SciELO - Scientific Electronic Library Online

vol.24 issue8Evaluation of the effect of pesticide use on the health of rural workers in irrigated fruit farmingThe conception of aging based on Kurt Lewin’s psychological field theory and group dynamics author indexsubject indexarticles search
Home Pagealphabetic serial listing  

Services on Demand




Related links


Ciência & Saúde Coletiva

Print version ISSN 1413-8123On-line version ISSN 1678-4561

Ciênc. saúde coletiva vol.24 no.8 Rio de Janeiro Aug. 2019  Epub Aug 05, 2019 


Consumption of the benzodiazepine clonazepam (Rivotril®) in Rio de Janeiro State, Brazil, 2009-2013: an ecological study

Rafaela Teixeira Zorzanelli1

Fabíola Giordani2

Lusiele Guaraldo3

Guacira Corrêa de Matos4

Arnaldo Gomes de Brito Junior5

Márcia Gonçalves de Oliveira6

Renata de Morais Souza6

Renata Quintão Mendes Mota6

Suely Rozenfeld7

1Instituto de Medicina Social, Universidade Estadual do Rio de Janeiro. R. São Francisco Xavier 524/Pavilhão João Lyra Filho/7º/bls. D e E, Maracanã. 20550-900 Rio de Janeiro RJ Brasil.

2Instituto de Saúde Coletiva, Universidade Federal Fluminense. Niterói RJ Brasil.

3Instituto Nacional de Infectologia Evandro Chagas, Fiocruz. Rio de Janeiro RJ Brasil.

4Faculdade de Farmácia, Universidade Federal do Rio de Janeiro. Rio de Janeiro RJ Brasil.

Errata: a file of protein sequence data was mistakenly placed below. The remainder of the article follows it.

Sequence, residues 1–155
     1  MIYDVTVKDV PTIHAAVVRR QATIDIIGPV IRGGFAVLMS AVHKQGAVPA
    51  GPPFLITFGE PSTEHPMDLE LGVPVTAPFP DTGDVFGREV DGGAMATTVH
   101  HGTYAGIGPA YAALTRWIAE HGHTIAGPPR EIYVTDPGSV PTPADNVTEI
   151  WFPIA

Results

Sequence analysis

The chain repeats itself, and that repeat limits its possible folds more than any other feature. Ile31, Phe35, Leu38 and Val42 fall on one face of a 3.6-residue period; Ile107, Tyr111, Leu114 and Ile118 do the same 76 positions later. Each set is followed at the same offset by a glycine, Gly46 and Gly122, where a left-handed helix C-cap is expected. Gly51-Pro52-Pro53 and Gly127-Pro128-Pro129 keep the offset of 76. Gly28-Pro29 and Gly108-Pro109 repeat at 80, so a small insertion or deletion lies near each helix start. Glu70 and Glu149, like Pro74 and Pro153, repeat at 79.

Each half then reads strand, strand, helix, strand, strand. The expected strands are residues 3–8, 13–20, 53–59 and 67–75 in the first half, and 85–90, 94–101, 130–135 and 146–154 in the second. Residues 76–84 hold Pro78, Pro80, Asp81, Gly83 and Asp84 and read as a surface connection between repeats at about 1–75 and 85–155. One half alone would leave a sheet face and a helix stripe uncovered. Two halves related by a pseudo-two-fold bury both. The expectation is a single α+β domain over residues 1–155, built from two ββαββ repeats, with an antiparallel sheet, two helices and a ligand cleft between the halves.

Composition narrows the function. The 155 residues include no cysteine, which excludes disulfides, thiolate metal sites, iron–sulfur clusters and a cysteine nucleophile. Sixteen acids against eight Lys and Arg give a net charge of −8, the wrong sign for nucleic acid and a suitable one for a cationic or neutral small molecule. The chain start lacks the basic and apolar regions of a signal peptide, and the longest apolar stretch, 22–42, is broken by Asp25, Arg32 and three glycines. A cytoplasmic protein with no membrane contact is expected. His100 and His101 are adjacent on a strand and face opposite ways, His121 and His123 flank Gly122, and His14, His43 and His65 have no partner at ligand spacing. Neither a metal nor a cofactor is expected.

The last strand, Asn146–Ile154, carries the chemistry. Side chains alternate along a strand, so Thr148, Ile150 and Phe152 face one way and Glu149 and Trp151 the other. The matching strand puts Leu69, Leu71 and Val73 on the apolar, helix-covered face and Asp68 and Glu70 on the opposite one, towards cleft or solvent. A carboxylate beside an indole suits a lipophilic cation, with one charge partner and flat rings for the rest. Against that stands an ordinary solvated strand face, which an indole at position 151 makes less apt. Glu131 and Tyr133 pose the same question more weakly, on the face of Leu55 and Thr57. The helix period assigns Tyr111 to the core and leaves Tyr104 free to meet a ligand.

5Núcleo de Custos Privados, Fundação Getúlio Vargas. Rio de Janeiro RJ Brasil.

6Gerência de Produtos Controlados, Agência Nacional de Vigilância Sanitária. Brasília DF Brasil.

7Escola Nacional de Saúde Pública Sério Arouca, Fiocruz. Rio de Janeiro RJ Brasil.


This descriptive, ecological study of clonazepam consumption in Rio de Janeiro State (RJ) estimated use prevalence from 2009 to 2013 using data from the National Controlled Product Management System operated by Brazil’s health surveillance agency, Anvisa. Consumption was measured by total population and by population over 18 years old, using the standardised Daily Defined Doses of 8 mg (anticonvulsant) and 1 mg (sedative-hypnotic). The municipalities of the Rio de Janeiro Metropolitan Region were grouped by Human Development Index (HDI) and GINI index, subjected to cluster analysis and ranked by clonazepam consumption. From 2009 to 2013, consumption in the state rose from 0.35 to 1.97 DDD/1000 population, but the figures are higher for individuals over 18 years of age. A DDD of 1 mg instead of 8mg returns consumption in 2013 of 21 DDD/1000 population over 18 years of age. Consumption in 2013 was highest – 3.38 and 4.52 DDD, respectively – in Rio de Janeiro and Niterói, which have the highest HDIs. This suggests that up to 2% of the adult population uses clonazepam, possibly as a sedative-hypnotic. This broad use and use outside therapeutic indications deserves attention, given clonazepam’s potential for abuse and adverse reactions.